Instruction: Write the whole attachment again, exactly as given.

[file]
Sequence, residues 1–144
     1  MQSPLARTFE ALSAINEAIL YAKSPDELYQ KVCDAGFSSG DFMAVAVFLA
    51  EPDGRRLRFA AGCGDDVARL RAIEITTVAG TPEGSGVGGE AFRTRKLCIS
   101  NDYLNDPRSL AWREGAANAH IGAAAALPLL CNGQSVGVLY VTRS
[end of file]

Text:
Sequence, residues 1–144
     1  MQSPLARTFE ALSAINEAIL YAKSPDELYQ KVCDAGFSSG DFMAVAVFLA
    51  EPDGRRLRFA AGCGDDVARL RAIEITTVAG TPEGSGVGGE AFRTRKLCIS
   101  NDYLNDPRSL AWREGAANAH IGAAAALPLL CNGQSVGVLY VTRS